Treatment of Common Bile Duct Stones in Sweden 1989-2006: An Observational Nationwide Study of a Paradigm Shift2012In: World Journal of Surgery, ISSN 0364-2313, E-ISSN 1432-2323, Vol. 36, no 9, p. 2146-2153Article in journal (Refereed)
    Abstract [en]

    BACKGROUND: The preferred strategies for treatment of common bile duct stones have changed from choledochotomy with cholecystectomy to sphincterotomy with or without cholecystectomy. The aim of the present study was to compare the effectiveness of these treatment strategies on a nationwide level in Sweden. METHODS: All patients with hospital care for benign biliary diagnoses 1988-2006 were identified in Swedish registers. Patients with common bile duct stones and a first admission with choledochotomy and or endoscopic sphincterotomy from 1989 through 2006 comprised the study group. These patients were analyzed with respect to readmission for biliary diagnoses and acute pancreatitis. RESULTS: Incidence of open and laparoscopic choledochotomy decreased from 19.4 to 5.2, whereas endoscopic sphincterotomy increased from 5.1 to 26.1 per 100,000 inhabitants per year, respectively. Among patients treated for common bile duct stones (n = 26,815), 60.0 % underwent cholecystectomy during the first hospital admission in 1989-1994, compared to 30.1 % in 2001-2006. The treatment strategy that included endoscopic sphincterotomy was associated with more readmissions for biliary diagnoses and increased risk for acute pancreatitis than the treatment strategy with choledochotomy. However, patients treated with endoscopic sphincterotomy and concurrent cholecystectomy at the index admission had the lowest risk of readmission. CONCLUSIONS: Cholecystectomy has been increasingly separated from treatment of bile duct stones, and endoscopic sphincterotomy has superseded choledochotomy as a first alternative for bile duct clearance in Sweden. In patients fit for surgery, clearance of the common bile duct can be combined with cholecystectomy, as it probably reduces the need for biliary related readmissions.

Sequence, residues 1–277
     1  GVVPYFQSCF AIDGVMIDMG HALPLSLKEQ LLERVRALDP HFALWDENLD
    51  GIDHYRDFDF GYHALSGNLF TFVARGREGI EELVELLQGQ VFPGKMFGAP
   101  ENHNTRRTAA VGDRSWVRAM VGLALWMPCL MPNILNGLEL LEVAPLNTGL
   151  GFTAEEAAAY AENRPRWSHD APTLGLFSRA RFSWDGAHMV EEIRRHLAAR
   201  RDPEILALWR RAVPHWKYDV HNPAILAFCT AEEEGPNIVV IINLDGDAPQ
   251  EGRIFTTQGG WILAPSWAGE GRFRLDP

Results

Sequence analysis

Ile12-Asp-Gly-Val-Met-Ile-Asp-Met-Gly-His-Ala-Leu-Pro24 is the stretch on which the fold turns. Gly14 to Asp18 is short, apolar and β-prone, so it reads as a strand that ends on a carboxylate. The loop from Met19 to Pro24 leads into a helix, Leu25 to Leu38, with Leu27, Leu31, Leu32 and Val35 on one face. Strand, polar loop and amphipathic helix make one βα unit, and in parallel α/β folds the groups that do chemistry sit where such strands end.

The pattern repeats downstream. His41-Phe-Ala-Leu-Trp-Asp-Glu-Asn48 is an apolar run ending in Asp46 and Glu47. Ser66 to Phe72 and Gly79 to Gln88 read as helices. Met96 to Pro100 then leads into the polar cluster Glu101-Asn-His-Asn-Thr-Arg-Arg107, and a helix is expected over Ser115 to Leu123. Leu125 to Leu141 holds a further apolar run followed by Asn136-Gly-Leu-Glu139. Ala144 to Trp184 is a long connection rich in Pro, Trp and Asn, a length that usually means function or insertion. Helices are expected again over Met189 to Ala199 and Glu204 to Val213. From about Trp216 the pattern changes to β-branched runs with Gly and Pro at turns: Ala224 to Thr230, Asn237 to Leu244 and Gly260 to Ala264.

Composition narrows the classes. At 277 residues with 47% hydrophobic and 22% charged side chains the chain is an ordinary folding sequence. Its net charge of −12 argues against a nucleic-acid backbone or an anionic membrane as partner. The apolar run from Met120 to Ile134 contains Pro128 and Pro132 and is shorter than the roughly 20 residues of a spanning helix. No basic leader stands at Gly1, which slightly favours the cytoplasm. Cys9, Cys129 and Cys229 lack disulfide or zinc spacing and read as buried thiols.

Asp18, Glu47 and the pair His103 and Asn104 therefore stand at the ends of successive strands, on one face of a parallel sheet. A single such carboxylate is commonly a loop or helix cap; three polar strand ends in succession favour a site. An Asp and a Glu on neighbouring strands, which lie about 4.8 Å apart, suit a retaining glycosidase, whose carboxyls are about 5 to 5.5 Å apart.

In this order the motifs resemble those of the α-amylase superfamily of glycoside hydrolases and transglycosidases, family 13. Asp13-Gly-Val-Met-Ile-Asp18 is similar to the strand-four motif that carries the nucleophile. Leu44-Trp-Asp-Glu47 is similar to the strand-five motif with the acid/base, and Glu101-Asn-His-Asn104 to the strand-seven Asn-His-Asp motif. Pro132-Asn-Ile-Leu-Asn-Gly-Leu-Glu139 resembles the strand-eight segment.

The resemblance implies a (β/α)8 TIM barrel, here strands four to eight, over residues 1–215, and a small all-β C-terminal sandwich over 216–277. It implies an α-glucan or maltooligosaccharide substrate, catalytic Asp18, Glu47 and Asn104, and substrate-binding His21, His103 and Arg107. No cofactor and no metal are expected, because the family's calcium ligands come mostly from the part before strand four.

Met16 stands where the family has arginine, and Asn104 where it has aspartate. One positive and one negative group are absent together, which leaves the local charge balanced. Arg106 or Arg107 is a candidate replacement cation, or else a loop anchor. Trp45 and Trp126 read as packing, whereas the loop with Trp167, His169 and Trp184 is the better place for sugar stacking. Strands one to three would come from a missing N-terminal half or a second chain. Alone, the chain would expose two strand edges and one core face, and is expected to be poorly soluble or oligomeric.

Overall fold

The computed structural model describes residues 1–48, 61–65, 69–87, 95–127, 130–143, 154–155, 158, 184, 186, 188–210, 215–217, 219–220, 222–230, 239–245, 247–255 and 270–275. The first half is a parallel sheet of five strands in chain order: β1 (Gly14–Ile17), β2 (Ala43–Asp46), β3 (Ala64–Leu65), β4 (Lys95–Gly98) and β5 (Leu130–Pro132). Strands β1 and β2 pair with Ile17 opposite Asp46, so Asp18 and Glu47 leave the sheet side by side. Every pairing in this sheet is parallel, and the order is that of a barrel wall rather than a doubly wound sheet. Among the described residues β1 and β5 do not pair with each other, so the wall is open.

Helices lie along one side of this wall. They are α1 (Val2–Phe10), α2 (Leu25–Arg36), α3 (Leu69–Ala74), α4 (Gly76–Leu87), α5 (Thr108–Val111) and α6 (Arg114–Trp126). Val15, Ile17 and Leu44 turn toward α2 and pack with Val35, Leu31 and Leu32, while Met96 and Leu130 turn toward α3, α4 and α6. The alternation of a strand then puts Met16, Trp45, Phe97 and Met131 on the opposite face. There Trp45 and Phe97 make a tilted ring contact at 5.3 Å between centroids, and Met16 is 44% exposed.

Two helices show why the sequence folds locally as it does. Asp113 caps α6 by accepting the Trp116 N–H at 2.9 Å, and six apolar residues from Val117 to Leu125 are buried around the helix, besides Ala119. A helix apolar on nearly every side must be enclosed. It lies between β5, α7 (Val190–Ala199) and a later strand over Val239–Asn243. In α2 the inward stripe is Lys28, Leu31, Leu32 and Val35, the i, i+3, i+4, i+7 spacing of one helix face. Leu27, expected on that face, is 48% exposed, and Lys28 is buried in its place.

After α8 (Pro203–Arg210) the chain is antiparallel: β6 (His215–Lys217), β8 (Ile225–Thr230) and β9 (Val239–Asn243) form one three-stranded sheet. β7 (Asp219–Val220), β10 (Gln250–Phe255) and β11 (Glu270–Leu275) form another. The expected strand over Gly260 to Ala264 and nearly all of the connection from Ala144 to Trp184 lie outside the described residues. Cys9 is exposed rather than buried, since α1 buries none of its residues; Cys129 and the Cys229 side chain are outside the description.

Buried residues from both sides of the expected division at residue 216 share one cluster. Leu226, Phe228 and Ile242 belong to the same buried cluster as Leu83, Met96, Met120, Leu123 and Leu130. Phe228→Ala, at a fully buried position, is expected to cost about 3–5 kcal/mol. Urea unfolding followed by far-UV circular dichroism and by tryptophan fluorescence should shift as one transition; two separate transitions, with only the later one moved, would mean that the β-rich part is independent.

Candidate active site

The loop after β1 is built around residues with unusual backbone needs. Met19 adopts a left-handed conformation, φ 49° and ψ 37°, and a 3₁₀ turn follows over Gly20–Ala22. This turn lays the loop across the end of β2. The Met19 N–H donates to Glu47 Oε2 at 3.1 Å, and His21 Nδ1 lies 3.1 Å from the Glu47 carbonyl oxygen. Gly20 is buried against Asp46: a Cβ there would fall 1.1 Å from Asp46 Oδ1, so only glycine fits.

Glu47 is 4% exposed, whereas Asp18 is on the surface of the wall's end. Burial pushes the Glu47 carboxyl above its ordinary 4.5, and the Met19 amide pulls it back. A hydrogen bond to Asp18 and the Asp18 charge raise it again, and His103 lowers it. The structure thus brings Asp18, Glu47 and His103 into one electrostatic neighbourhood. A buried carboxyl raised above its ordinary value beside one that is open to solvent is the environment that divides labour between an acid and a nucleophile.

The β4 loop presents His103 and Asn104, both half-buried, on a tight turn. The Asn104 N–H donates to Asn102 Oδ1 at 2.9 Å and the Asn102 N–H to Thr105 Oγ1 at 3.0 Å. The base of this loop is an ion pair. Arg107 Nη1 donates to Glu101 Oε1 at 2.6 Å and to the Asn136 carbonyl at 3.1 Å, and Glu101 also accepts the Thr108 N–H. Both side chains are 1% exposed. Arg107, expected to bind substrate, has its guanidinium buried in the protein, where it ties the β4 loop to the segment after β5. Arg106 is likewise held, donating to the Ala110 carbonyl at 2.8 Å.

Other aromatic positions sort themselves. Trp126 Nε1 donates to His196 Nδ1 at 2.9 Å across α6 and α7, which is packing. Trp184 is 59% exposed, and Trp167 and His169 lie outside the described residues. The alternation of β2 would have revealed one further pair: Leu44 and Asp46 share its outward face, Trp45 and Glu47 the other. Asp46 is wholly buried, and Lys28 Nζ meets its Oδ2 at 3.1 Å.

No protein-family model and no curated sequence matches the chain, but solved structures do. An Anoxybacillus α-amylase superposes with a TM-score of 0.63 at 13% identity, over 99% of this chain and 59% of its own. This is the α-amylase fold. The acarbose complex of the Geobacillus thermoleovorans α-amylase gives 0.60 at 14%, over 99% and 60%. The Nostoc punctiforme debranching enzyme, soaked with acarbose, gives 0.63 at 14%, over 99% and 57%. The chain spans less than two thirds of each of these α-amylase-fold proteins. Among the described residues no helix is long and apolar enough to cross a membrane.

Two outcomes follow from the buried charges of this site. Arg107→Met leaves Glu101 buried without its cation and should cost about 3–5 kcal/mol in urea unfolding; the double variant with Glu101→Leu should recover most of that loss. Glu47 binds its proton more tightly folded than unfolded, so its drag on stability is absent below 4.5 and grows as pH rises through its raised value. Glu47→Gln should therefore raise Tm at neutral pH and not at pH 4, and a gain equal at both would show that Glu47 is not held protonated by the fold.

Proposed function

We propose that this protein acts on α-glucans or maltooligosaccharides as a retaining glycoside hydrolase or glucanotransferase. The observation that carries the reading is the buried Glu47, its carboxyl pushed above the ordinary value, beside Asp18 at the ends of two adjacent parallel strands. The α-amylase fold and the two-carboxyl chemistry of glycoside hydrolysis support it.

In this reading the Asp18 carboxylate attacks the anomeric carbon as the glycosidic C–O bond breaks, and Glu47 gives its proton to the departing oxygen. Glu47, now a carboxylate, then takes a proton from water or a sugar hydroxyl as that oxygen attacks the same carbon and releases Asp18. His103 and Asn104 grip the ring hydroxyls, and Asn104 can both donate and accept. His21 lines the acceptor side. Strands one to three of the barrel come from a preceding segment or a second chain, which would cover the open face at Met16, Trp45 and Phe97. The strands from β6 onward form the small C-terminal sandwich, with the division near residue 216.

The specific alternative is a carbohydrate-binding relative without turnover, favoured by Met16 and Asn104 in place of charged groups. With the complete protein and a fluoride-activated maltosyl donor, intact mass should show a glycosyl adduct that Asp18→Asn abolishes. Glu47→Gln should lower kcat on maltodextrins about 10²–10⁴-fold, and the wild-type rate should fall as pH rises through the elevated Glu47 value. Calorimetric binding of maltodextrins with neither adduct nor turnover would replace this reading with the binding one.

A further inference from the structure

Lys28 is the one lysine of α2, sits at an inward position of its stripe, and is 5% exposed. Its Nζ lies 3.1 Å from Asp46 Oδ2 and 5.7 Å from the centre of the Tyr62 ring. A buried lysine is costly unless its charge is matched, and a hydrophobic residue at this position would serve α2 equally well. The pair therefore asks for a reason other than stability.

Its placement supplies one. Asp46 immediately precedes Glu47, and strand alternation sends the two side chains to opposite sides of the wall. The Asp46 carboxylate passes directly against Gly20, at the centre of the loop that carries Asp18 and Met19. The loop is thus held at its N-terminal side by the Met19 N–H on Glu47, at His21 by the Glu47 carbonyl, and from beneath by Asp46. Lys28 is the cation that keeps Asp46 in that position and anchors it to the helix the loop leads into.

• 18.
    Sandzén, Birger
    et al.
    Umeå University, Faculty of Medicine, Department of Surgical and Perioperative Sciences, Surgery.
    Haapamäki, Markku M
    Umeå University, Faculty of Medicine, Department of Surgical and Perioperative Sciences, Surgery.
    Nilsson, Erik
    Umeå University, Faculty of Medicine, Department of Surgical and Perioperative Sciences, Surgery.
    Stenlund, Hans
    Umeå University, Faculty of Medicine, Department of Public Health and Clinical Medicine, Epidemiology and Global Health.
    Öman, Mikael
    Umeå University, Faculty of Medicine, Department of Surgical and Perioperative Sciences, Surgery.